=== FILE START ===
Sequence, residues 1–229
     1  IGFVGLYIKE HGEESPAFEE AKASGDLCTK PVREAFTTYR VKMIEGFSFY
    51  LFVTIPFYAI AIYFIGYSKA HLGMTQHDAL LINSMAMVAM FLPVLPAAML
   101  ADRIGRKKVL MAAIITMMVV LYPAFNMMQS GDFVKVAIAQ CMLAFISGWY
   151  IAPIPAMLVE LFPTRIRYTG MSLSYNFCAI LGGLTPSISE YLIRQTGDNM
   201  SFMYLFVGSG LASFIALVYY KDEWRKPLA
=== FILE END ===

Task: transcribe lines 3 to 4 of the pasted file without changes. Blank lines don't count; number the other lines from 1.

    51  LFVTIPFYAI AIYFIGYSKA HLGMTQHDAL LINSMAMVAM FLPVLPAAML
   101  ADRIGRKKVL MAAIITMMVV LYPAFNMMQS GDFVKVAIAQ CMLAFISGWY